The final two future-oriented essays, written by James K.A. Smith and Christianity Today editor in chief, Mark Galli, are the first to clearly diagnose problems facing lay people or offer a working definition for the term “evangelical.” Galli suggests that evangelicalism is essentially a Christocentric piety that inspires people to missional activity. Furthermore, he argues that only an evangelical maintaining conviction has the ability to bring “vital things . . . to the larger Christian conversation.” His contribution was the first to connect my experience with the subject matter. I only wish the collection hadn’t waited so long to explicate the problem for church folk or venture a definition for the topic of the book.

In his essay, James K.A. Smith further addressed my concerns: “[We] simply have to recognize and confess how utterly disconnected all of this is from the vast majority of evangelical congregations and the networks that comprise ‘evangelicalism’ in the United States.” Smith’s contribution is unsparing. When commenting on the over-reported influence of evangelicals in the 2016 election of Donald Trump, he borders on insulting to both the president and those who voted for him. Soon after, he turns an eye to the racial disparity within evangelicalism, going so far as to explicitly call out the lack of diversity among the contributors of the very publication his essay appears in. Smith then spends considerable time lamenting the thin practices and low standards of leadership in non-denominational churches, which are the most obvious identifiably evangelical institutions in mainstream consciousness.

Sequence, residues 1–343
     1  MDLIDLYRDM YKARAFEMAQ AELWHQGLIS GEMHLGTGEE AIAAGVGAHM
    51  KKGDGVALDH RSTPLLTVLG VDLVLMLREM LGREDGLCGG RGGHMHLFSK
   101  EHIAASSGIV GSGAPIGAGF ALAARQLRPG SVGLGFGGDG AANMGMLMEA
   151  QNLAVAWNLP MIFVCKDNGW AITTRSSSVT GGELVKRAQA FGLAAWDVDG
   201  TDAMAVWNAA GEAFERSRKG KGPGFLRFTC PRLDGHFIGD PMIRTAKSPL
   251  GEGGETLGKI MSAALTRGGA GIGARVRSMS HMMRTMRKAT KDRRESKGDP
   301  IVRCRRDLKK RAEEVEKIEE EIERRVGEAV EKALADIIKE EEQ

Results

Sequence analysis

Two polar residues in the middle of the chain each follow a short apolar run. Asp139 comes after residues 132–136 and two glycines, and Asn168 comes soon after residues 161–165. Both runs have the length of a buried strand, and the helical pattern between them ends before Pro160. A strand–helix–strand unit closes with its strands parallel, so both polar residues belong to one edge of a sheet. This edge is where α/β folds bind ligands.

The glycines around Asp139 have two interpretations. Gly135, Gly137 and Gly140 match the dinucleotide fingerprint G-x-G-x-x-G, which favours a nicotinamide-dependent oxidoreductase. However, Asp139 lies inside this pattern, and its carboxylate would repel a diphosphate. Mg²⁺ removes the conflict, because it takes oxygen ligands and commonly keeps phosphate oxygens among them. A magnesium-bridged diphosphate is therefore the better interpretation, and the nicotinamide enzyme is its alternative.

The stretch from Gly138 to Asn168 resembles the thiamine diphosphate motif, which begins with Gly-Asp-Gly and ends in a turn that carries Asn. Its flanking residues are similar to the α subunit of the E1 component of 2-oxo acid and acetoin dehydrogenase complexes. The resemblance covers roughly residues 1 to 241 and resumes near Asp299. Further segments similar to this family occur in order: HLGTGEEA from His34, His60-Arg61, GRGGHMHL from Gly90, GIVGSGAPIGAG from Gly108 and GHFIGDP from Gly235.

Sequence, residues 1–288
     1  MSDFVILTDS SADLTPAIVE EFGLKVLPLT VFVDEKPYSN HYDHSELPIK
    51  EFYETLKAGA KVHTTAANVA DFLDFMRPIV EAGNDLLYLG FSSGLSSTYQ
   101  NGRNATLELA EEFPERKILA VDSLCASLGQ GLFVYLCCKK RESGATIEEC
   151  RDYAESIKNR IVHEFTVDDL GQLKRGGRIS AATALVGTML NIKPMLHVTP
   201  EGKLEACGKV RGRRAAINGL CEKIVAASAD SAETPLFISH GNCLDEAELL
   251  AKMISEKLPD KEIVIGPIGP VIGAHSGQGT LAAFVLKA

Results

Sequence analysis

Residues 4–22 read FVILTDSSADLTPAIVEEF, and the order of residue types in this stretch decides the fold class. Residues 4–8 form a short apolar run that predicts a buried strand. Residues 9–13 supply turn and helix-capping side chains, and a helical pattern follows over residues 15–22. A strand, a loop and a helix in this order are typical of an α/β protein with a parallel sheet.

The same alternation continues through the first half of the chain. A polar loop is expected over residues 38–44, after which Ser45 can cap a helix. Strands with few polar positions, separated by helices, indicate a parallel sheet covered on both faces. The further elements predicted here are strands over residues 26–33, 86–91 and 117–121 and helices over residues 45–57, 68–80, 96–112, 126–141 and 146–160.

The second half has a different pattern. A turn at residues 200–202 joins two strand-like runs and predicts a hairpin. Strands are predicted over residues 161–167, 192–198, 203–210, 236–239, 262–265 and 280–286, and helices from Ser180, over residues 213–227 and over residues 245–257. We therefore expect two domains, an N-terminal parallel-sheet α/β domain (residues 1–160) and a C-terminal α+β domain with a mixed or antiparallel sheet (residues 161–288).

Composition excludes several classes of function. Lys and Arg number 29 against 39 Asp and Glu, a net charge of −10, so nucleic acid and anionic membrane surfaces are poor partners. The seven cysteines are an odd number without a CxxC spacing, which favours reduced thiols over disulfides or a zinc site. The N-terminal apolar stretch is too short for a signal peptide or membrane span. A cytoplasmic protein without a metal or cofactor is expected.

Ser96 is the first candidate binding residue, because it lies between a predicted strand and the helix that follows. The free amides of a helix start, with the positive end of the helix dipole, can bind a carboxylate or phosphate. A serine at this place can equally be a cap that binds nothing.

Thinking, academic evangelicals ought to be ambitious for the sake of the church instead of for prestigious publications and tenure.

In response, Smith offers the following solution: “What evangelicalism ‘on the ground’ needs is scholars from the church for the church.” Thinking, academic evangelicals ought to be ambitious for the sake of the church instead of for prestigious publications and tenure. They ought to set aside obvious career success in academia and instead pick up their crosses to support the less esteemed work of the church.

Smith’s proposal brought to mind a Josh Ritter lyric—“Pretend that the search for another new world was well worth the burning of mine.” Academics ought to burn academic careers for the sake of discovering the new-old world of the church. Smith argues that Evangelicalism needs scholars willing to come alongside the church and gently ask, “‘Have you considered this?’ instead of haughtily exclaiming, ‘How could you possibly think that?’”

Returning to the Mainland

Watching Mary Martin as Peter Pan soar across the stage inspired hours of lazy summer make-believe in which I imagined that lovely thoughts could fuel my flight to a magical land. Barrie describes his fantastic island of mermaids, pirates, and Lost Boys and laments, “It would be an easy map if that were all.” It would be easy to map the evangelical mind if only it were a core set of theological convictions or an American voting bloc, but it is not. It is both. And it is neither. 

Evangelicalism is a NeverLand of theology and mission, partisan politics and propaganda, cheap coffee in the foyer and prayer groups in the basement. The State of the Evangelical Mind maps an archipelago of four institutional islands with “Here be dragons” scrawled at the edge. Most of us evangelicals live just beyond the dragons, on the mainland with our God’s Not Dead movies and Tim Tebow fandom. The State of the Evangelical Mind is most helpful when it directs the reader’s attention and efforts back to the church on the mainland. James K.A. Smith concludes his essay writing, “May our intellectual labors be catalysts and conduits for the renewal and reform of the church.” Yes, may it be so.

Cover image by Hal Gatewood